No player likes watching the action from a sideline, but when your legs don’t carry you as they once did, it’s a perspective that can offer a revealing insight into a football match.
It was from such a vantage point I watched Kerry stretch their legs yesterday, their life made occasionally uncomfortable by a Tipperary side short on experience, raw power, and telepathic understanding among quality forwards.
The upside for yesterday’s underdogs is they will take a lot more from this Munster final experience than Kerry will. If Tipperary training isn’t a notch or three above what it has been these next few weeks, then something is seriously wrong.
From ground level, it’s thrilling to see the seamless interchanges and diagonal movement of the Kerry forwards — Paul Geaney, Donnchadh Walsh, and Stephen O’Brien slotting into dangerous areas, their runs late and fast and virtually untrackable.
Also starkly evident was the difference in conditioning and raw power between the two sides. Tipperary might have intended to play on the front foot — their start certainly indicated as much — but they were dispossessed, checked and turned backwards so often, that it became more and more difficult to get any momentum going forward.
In the absence of something truly extraordinary, Kerry were going to win this Munster final. Getting over the line, getting James O’Donoghue some game-time, and coming through without having any injury worries were the first three boxes that needed ticking for the Kingdom. They achieved the first two.
Tipp got two goals and cut through the Kerry defence a couple more times in the second half. After Clare kicked 17 points against Kerry, the Munster champions worked on their defensive shape and man-v-man tackling, but there looks plenty to do yet. Their training will have real focus over the next month. Because maybe Tipp and the Banner have shone a light on weaknesses for better teams to expose.
As a Tipperary man, I’d have loved a Munster trophy coming back from Killarney last night, but here’s the key thing — the last 12 qualifier is now a bigger game for Tipperary than yesterday’s carnival in Killarney. Sounds mad? Consider this: Tipp win their qualifier, and it’s the last eight of the All-Ireland at Croke Park. Now that’s tangible progress.
We are still a bit off, and while the euphoria of beating Cork was super, Kerry was another step up and Tipp showed they are not ready for that level yet. Liam Kearns needs everyone good enough at his disposal to compete with the Kerrys. I hate saying that, I always want to see Tipperary pitch themselves against the best, but unless we come up with a formula to get our best lads on the pitch, we will struggle at this level. The intensity of the occasion, and the experience of fire-fighting against that level of opposition is a big big step for the younger Tipperary players.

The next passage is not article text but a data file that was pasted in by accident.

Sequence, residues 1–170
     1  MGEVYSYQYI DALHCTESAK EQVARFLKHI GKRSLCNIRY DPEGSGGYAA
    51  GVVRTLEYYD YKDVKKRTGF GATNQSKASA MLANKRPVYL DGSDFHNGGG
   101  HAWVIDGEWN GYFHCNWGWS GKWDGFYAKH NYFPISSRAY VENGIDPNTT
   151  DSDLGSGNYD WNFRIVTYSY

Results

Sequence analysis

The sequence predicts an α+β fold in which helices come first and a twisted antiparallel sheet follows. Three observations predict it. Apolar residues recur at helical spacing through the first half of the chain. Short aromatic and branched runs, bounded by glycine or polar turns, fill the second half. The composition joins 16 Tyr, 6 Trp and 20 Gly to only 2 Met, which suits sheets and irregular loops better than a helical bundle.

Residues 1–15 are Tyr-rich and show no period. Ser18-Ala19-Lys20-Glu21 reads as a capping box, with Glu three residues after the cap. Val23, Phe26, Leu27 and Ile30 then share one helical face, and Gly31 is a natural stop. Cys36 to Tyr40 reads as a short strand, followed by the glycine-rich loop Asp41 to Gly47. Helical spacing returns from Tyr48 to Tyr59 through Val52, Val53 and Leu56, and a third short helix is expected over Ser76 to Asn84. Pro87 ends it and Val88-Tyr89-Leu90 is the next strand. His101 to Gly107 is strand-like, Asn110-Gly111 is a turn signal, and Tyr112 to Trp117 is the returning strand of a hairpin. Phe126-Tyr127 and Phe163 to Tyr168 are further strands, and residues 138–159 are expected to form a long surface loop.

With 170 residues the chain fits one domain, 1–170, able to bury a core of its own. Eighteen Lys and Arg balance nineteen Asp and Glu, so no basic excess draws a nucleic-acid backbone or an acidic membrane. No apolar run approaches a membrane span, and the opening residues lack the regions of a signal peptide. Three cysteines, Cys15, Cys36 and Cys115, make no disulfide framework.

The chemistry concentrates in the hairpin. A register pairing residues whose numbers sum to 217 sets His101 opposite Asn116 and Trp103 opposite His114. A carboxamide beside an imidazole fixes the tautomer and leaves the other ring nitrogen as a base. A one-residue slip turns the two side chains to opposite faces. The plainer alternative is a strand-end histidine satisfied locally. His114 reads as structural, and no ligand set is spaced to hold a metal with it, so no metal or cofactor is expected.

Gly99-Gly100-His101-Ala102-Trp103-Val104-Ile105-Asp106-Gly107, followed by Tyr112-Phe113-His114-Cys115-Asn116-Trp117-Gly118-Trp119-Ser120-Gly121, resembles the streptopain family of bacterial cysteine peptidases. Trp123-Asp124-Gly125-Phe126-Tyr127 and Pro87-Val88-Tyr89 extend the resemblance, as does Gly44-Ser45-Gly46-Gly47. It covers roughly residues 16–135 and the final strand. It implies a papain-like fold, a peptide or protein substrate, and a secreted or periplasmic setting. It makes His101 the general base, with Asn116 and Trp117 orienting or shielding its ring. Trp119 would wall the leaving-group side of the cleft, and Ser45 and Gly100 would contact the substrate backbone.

Win the next match and it copperfastens a year of learning and progress. It would mean we took something from Waterford, from Cork and from Kerry and applied it to get to the last eight. That is progress you can properly quantify.
Kearns has three weeks to prepare, so there is the latitude to regroup. Win in three weeks and players and management will cap a good campaign and have stocked up on valuable experience, which is the one thing a lot of these ex-minors and Under 21s are missing.
I hope they will prepare with much the same group. I would be against changing things now or drafting anyone back in who left of their own accord. Drive on now with what they have and reassess next year. It would cause more damage than good to draft certain fellas back in now. It would have a negative effect on the lads that have busted their asses to get Tipperary this far.
Defensively, 3-17 is a big score to concede, but a ground level perspective again allows one to appreciate the pressure the Tipp defence was under. Kudos to Colm O’Shaughnessy and the ever willing Bill Maher for their positivity with the ball and defiance when chasing it. Tipp won eight of their 10 first-half kickouts, so primary possession was not a problem.
However, Kerry’s ability to dislodge the ball, and the static nature of Tipperary’s attack meant that progressing swiftly up the field was rarely a viable option.
In defence of Michael Quinlivan, it was obvious he was not at his mobile best up top, and it emerged afterwards that he come into the game unwell. None of the long, direct balls into him yielded anything, so in that context, 2-10 is a respectable total.
But let’s not revert to the patronising pats on the back — Tipp have no interest in that. They will look at things like losing the ball in contact and how to avoid a repeat. Is that strength and conditioning, or naivety? Or just the difference between the top table and the rest?
The last round of qualifiers will tell us that and more. How far Tipp have travelled, how much they have learned? And how much they want to progress up the ranking to where the real education starts...
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